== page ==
Why have a dog if you’re not prepared to clean up after it? - column
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My problem is not with dogs - it’s with some of their owners. Like many people I am dismayed by the profusion of dog faeces in some public places.
Keep Britain Tidy says dog mess “is the most unacceptable and offensive type of litter on our streets.”
I took a walk along the Promenade last week. The concrete walkway runs long and flat and straight and is popular with walkers and runners and cyclists.
People bring their dogs, and the majority are responsible. They clean up the mess using their own poo bags and the bins that the local council has provided.
But there is a significant minority, unfortunately, who leaves their dogs’ faeces lying on the footpath.
A walk along the Promenade sounds rather grand, but on some days the town’s “best feature” is more a stinking obstacle course - and this doggy “business” is not only disgusting, it’s unhealthy.
All faeces contain bacteria that can cause stomach upsets. Contact with dog excrement can also cause toxocariasis – a nasty infection that can lead to dizziness, nausea, asthma and even blindness or seizures.
It’s particularly dangerous for young children. Isn’t it terrible that some people with dogs will not only spoil the appeal of a local recreational area but also needlessly put children’s health at risk?
Why does our society put up with it? It’s not just the irresponsible owners who have an attitude problem. By that I mean that there’s a sort of general public malaise about dog fouling. A sort of weariness, an inertia.
We allow the problem to continue. Does it need to be this way? What can we do if people choose not to clean up the mess?
Well, why don’t we use the law? Dog fouling is an offence for which the person in charge of the dog may be given a fixed penalty notice or prosecuted, but how many penalties are issued, how many are paid and how many cases actually end up in court?
I contacted my local authority to ask. It has issued 29 penalties since January 2021. That’s right, just 29 penalties in more than two years. I’d counted more than ten doggy “deposits” on the promenade in the space of a short walk.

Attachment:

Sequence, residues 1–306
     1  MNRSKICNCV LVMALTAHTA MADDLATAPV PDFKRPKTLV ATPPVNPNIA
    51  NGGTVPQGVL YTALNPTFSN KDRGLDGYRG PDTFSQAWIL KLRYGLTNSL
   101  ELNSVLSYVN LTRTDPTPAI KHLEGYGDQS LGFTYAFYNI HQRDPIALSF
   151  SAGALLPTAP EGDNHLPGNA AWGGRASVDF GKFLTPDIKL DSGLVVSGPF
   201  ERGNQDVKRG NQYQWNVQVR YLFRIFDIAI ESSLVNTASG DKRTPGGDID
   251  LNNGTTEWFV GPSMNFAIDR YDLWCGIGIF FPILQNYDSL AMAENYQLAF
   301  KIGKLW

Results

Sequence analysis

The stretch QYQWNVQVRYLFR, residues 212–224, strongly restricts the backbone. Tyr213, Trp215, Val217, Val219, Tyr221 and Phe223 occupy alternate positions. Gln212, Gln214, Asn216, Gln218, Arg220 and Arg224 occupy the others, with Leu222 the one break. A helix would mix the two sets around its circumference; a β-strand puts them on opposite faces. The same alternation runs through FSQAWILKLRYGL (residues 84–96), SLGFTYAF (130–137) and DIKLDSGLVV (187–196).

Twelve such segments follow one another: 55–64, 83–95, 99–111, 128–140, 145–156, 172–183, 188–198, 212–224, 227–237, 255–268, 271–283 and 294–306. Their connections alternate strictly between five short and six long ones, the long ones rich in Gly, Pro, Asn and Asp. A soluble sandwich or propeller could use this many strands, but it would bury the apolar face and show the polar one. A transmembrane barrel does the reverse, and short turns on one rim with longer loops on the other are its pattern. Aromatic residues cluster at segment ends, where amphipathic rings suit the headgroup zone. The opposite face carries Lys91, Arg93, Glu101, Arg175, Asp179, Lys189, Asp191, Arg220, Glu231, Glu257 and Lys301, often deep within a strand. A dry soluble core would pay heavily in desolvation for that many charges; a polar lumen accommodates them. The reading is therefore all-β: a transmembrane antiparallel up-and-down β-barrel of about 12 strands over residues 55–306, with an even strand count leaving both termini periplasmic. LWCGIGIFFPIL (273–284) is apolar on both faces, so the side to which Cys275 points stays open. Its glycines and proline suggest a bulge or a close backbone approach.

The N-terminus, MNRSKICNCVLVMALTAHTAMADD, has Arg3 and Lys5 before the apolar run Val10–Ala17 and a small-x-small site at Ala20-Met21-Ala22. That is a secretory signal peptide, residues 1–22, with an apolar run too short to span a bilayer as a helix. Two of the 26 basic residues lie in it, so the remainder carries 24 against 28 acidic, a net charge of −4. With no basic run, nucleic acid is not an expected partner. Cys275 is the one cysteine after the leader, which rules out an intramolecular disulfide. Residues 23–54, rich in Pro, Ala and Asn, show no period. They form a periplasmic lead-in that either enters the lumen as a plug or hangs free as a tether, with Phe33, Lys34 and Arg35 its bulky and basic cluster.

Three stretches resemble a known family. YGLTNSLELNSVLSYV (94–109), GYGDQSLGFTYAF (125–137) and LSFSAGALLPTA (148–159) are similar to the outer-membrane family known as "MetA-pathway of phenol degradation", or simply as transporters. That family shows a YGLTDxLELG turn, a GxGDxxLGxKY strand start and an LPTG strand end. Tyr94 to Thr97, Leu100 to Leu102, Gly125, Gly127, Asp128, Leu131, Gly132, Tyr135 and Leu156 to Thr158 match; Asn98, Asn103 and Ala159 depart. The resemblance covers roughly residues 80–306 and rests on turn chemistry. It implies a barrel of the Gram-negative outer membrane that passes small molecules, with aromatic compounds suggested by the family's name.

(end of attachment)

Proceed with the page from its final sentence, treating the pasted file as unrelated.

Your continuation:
The authority also confirmed that 15 had not been paid, and that no cases had been taken to court - so, the owners who didn’t pay were effectively let off.
Some may say that in these hard economic times councils don’t have the resources to tackle the problem of dog fouling.
Perhaps it is also a question of priorities. During 2022 my local authority issued over 5000 parking tickets. Now there’s a vast disparity for you.
Parking is stringently regulated. I regularly see parking enforcement officers hovering around cars on the High Street. Looking at the penalty statistics it might appear that my town has terrible parking problems but almost no dog fouling. Statistics can be misleading
Dog fouling, in my view, is a more noticeable problem in my town than foul parking, but I have never seen any enforcement officers issuing a ticket. Why the difference? It surely couldn’t be because it is easier and more lucrative to target parking offences?
I am not suggesting dog fouling should be targeted overzealously, but it seems, at least in my area, it is hardly targeted at all. As I walked along the Promenade, careful to avoid stepping in the latest pile of sludge, I felt repulsed and depressed. It shouldn’t be like this. It should be clean.
Why have a dog if you’re not prepared to clean up after it? And why have laws if you’re not prepared to enforce them?